“Four score and seven years ago our fathers brought forth on this continent, a new nation, conceived in Liberty, and dedicated to the proposition that all men are created equal.” -Abraham Lincoln, Gettysburg Address
Independence Day. The day of barbecues, baseball, pool parties, and fireworks. The day people hang the American flag on the front porch (although we have a flag raised in front of our house almost daily.) The day the United States of America declared its independence. Our nation’s birthday.
Those famous words written by Thomas Jefferson in 1776, “We hold these truths to be self-evident, that all men are created equal, that they are endowed by their Creator with certain unalienable Rights, that among these are Life, Liberty and the pursuit of Happiness,” still hold true today. The life, liberty, and freedoms we posses today were made possible by our founding fathers and held together by our democratic government and the brave men and women of our armed forces.
Now, I know our nation isn’t perfect. What nation is? Many people complain about the government, taxes, the state of education, health care, the military, etc… But when you think about where we started as a nation, we have come a long way. “All men are created equal.” Thomas Jefferson said it. Abraham Lincoln said it. Martin Luther King Jr. lived and died for it. Our military fights to defend it. Our nation was founded on those words, and to this day Americans have the freedom to live life and pursue happiness because of those words.
I had the incredible experience last summer to stand in the exact location where Abraham Lincoln gave his famous speech. It was moving, to say the least. Standing in the Gettysburg National Cemetery, looking over the battlefield, and thinking about all of those men who sacrificed their lives to keep our great nation united, gave me chills. Those men believed in the unity of our nation, they believed in the flag and the freedom it represented, and they “gave their lives” to defend it so “that nation might live.”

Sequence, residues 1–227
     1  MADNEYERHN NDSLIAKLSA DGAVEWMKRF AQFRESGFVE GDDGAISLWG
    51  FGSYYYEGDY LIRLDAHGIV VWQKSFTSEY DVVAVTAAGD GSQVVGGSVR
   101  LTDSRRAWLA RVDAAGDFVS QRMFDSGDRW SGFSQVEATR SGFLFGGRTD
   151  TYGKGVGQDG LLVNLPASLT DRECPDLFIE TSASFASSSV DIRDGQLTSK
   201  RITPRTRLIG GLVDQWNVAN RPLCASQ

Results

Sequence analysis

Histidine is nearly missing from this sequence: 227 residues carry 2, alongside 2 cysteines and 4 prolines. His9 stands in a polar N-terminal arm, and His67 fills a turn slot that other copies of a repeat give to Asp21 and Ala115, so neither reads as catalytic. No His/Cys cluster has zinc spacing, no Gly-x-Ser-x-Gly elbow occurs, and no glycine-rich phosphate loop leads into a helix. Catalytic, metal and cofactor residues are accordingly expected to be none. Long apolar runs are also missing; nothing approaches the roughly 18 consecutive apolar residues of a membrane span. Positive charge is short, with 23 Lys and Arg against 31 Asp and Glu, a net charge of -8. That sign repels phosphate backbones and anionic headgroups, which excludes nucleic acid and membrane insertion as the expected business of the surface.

Our military men and women make sacrifices daily. They are brave individuals who are willing to pay the ultimate price to defend our flag and the country it stands for. My husband served in the U.S. Army, the 82nd Airborne division to be exact. He served in Desert Storm, Desert Shield, and the Panama Invasion. Luckily, he didn’t have to pay the ultimate sacrifice. Other military men and women are not so lucky. But it is because of their sacrifice that we continue to live in a country that allows us the opportunity for life, liberty and the pursuit of happiness. In the words of Lincoln, “never forget what they did [and] highly resolve that these dead shall not have died in vain.”
Independence Day is the day to celebrate the Declaration of Independence and the freedom it provided. It’s a day to reflect on the work this nation still has to do to ensure that all men are created equal. I, for one, am proud to live in this country. I’m proud to fly the U.S. flag. I stand with my hand on my heart and recite the Pledge of Allegiance. I stand and pay respect during the presentation of the colors. I proudly sing the National Anthem.
I stand up as you’re waving in flight,
With your stripes so bold
And your stars so bright.
As you rise and flash your red, white, and blue,
You’re the symbol of freedom,
I stand up for you.
In the words of Lee Geenwood’s song , God Bless the USA, “I’m proud to be an American where at least I know I’m free. And I won’t forget the men who died, who gave that right to me. And I’d gladly stand up next to you and defend her still today. ‘Cause there ain’t no doubt I love this land. God bless the USA.”
Happy 4th of July, America! Celebrate with your families. Eat hot dogs, watch baseball, and enjoy fireworks, but please do not forget the meaning of Independence Day. Today we celebrate the Declaration of Independence, not only for what it accomplished, but for what it still challenges us to do. I am proud to be an American, proud to fly the flag, proud to live in this great country of ours, a country “of the people, by the people, for the people,” and we “shall not perish from this earth.”